About-turn as medical research council now says Prof Glenda Gray 'not in the wrong'

26 May 2020 - 11:24 By Naledi Shange
The SA Medical Research Council board said it would not be instituting any further action against Prof Glenda Gray.
The SA Medical Research Council board said it would not be instituting any further action against Prof Glenda Gray.
Image: Ruvan Boshoff

The SA Medical Research Council (SAMRC) board, which initially apologised for "embarassing" lockdown criticism by Prof Glenda Gray, in an about-turn on Tuesday said it would no longer be investigating the matter.

The council released a short statement, saying after further investigations it found Gray was not in the wrong when she criticised government's handling of the pandemic in her private capacity, and not as president of the SAMRC.

“The SAMRC board received communication from the department of health regarding the SAMRC president’s comments. The board has discussed this matter with Prof Gray and looked into our relevant SAMRC policies. We did not find transgression of these policies by Prof Gray,” the council said.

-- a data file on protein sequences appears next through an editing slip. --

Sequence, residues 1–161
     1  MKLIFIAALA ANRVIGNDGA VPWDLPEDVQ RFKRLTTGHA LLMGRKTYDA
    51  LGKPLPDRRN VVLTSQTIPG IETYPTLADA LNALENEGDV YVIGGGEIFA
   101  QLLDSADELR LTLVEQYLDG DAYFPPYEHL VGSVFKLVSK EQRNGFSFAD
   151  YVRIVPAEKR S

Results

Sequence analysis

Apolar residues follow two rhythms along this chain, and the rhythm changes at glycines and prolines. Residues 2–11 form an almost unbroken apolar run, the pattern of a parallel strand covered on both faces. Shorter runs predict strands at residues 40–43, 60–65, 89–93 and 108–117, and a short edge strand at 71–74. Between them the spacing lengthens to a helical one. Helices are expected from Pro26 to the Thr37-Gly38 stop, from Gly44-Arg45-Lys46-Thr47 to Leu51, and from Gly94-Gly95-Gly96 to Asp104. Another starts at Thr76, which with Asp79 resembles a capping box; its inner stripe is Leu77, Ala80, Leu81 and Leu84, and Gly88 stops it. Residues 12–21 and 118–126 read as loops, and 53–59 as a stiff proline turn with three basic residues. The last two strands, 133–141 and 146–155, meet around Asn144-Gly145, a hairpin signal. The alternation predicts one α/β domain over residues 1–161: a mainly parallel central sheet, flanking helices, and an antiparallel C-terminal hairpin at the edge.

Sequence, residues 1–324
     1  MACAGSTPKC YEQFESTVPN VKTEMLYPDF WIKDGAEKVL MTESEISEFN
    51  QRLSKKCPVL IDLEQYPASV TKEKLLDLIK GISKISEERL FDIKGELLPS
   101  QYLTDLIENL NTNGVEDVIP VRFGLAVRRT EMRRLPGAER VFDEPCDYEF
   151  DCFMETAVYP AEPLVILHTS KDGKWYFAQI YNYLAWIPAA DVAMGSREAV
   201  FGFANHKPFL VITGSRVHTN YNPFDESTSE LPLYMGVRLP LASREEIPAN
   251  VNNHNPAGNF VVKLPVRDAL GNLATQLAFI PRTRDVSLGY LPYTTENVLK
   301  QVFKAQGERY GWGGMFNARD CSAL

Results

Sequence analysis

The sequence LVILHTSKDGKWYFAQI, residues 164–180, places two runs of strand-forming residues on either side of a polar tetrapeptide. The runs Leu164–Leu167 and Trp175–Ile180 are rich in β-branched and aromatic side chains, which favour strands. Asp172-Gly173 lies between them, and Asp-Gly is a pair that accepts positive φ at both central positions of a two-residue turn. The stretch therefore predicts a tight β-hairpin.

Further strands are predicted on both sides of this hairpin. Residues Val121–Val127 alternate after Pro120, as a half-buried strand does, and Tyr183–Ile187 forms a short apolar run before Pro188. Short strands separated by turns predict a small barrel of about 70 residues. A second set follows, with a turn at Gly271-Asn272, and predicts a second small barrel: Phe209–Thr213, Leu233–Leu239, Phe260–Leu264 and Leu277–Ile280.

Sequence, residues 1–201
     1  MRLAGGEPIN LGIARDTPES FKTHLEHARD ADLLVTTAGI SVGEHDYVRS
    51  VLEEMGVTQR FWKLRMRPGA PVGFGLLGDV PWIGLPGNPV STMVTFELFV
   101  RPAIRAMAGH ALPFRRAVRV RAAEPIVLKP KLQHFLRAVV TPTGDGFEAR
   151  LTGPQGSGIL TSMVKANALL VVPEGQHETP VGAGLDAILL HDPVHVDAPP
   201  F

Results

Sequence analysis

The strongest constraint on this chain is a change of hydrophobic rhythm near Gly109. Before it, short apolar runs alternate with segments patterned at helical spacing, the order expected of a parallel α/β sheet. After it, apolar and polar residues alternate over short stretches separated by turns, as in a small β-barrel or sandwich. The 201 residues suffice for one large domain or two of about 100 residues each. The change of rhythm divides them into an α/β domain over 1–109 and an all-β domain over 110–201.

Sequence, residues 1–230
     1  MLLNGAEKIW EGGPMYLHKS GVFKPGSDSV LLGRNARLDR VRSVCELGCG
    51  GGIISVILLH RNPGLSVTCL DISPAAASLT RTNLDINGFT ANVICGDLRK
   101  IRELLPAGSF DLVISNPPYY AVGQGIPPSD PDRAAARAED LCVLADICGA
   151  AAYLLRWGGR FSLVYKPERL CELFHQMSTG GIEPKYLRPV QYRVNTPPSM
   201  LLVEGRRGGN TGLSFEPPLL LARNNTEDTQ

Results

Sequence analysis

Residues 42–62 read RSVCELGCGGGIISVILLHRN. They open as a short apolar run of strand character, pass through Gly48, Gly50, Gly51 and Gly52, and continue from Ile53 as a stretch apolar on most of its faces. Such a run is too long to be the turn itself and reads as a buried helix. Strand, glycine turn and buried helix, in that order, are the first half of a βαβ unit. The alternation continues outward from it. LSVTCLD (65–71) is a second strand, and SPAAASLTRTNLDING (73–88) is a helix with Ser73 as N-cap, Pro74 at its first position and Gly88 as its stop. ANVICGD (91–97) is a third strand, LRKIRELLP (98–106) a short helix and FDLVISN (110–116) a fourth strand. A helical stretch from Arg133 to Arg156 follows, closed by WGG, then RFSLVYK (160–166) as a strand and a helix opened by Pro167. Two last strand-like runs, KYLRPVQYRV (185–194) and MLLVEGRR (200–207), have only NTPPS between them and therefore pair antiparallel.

“The board has decided that it will not be instituting any further investigation on this matter. [It] encourages Prof Gray, the minister of health and the ministerial advisory committee to amicably resolve the issue of statements made in the media in the best interests of all parties and the nation."

In an interview with News24 last week, Gray said the government's phased exit from the lockdown was nonsensical and unscientific. She called for non-pharmaceutical interventions such as hand washing, masks, social distancing and prohibitions on gatherings to be put in place.   

The publication quoted her as saying that some of the lockdown regulations were “not based in science”, “completely unmeasured” and “almost as if someone is sucking regulations out of their thumb and implementing rubbish”.

TimesLIVE reported that health minister Zweli Mkhize had come out in defence of the health ministry, saying Gray had been unprofessional and not entirely truthful in her utterances.

Acting director-general of health, Dr Anban Pillay, said Gray had made "false allegations against government" and called for her to be investigated.

Prof Johnny Mahlangu, chairperson of the SAMRC board, then wrote to Pillay to extend the board's “heartfelt unconditional apology on behalf of the SAMRC for any offence caused, and embarrassment suffered as a result of the comments made by Prof Gray in the media".

Mahlangu undertook to “immediately commission a fact-finding investigation" into the damage done to the SAMRC and deal with any code of conduct transgressions that may have occurred.

Hundreds of the country’s leading medical experts, scientists and academics backed Gray, saying she had exercised her right to freedom of speech.


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